Effect of Chemical Crosslinking on the Biodegradation Rate of Kraft Paper
Keywords:Paper, Crosslinking, Biodegradability, Paper properties, Kraft fibers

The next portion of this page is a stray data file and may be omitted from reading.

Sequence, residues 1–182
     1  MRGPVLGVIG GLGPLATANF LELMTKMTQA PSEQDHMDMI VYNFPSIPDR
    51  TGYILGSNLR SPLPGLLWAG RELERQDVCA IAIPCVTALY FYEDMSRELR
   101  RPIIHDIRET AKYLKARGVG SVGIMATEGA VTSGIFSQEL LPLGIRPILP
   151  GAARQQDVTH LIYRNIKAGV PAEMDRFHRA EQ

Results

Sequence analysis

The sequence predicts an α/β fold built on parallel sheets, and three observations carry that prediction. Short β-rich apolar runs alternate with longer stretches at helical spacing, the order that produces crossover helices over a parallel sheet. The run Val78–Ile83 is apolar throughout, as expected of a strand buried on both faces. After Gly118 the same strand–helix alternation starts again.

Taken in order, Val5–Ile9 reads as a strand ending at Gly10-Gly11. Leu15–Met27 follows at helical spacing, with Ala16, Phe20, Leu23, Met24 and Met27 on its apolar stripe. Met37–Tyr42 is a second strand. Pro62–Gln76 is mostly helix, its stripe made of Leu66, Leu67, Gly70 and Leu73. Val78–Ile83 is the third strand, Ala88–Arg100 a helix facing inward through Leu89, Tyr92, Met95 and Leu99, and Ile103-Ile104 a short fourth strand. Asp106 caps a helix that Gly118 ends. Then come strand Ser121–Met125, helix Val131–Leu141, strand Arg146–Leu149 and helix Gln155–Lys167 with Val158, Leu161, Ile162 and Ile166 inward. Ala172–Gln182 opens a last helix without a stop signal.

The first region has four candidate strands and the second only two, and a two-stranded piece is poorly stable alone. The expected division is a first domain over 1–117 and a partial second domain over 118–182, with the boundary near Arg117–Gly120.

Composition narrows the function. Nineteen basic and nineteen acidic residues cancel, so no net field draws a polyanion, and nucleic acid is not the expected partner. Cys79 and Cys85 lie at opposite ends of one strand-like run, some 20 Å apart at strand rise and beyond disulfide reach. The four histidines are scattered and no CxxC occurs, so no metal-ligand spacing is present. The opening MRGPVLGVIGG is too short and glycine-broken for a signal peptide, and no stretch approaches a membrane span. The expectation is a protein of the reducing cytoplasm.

Wood-based paper fibers are inherently biodegradable. In contact with moist soil and in compost, papermaking fibers are readily broken down by soil microbes. Resistance to biodegradation is needed, as paper is used for special applications such as mulching in agriculture and forestry, the coating of construction materials, and for packing and wrapping under conditions where packaging materials may be exposed to contact with moist soil or other type microbial active contamination. A preceding study showed that paper chemical crosslinking with glyoxal, citric acid (CA), or methylated 1,3-dimethylol-4,5-dihydroxyethylene urea (mDMDHEU) results in substantially improved paper wet strength and lower paper water absorbency. The present study examined the efficiency of chemical crosslinking treatments with CA and with mDMDHEU to decrease the biodegradation rate of laboratory paper sheets and a sack paper, both made of kraft fibers. The biodegradation was examined using a 48-h enzymatic degradation test and a 2-month soil burial test. The results indicate that chemical crosslinking is an effective non-biocidal method for making sulphate kraft paper more resistant to biodegradation. In some end-uses, improved resistance to biodegradation, along with improved paper wet performance, can enhance paper performance comparable to plastic films.